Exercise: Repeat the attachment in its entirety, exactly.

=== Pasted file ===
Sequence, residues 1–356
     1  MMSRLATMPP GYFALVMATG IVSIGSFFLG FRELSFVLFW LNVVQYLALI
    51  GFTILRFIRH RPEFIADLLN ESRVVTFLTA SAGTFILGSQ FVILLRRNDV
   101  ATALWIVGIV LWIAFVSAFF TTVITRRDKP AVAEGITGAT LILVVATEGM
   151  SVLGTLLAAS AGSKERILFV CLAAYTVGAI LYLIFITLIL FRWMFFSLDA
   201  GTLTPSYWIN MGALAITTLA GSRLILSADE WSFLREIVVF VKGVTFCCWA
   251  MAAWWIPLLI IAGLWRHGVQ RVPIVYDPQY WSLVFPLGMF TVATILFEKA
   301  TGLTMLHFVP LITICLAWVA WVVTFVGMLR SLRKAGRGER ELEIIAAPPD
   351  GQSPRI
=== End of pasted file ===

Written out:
Sequence, residues 1–356
     1  MMSRLATMPP GYFALVMATG IVSIGSFFLG FRELSFVLFW LNVVQYLALI
    51  GFTILRFIRH RPEFIADLLN ESRVVTFLTA SAGTFILGSQ FVILLRRNDV
   101  ATALWIVGIV LWIAFVSAFF TTVITRRDKP AVAEGITGAT LILVVATEGM
   151  SVLGTLLAAS AGSKERILFV CLAAYTVGAI LYLIFITLIL FRWMFFSLDA
   201  GTLTPSYWIN MGALAITTLA GSRLILSADE WSFLREIVVF VKGVTFCCWA
   251  MAAWWIPLLI IAGLWRHGVQ RVPIVYDPQY WSLVFPLGMF TVATILFEKA
   301  TGLTMLHFVP LITICLAWVA WVVTFVGMLR SLRKAGRGER ELEIIAAPPD
   351  GQSPRI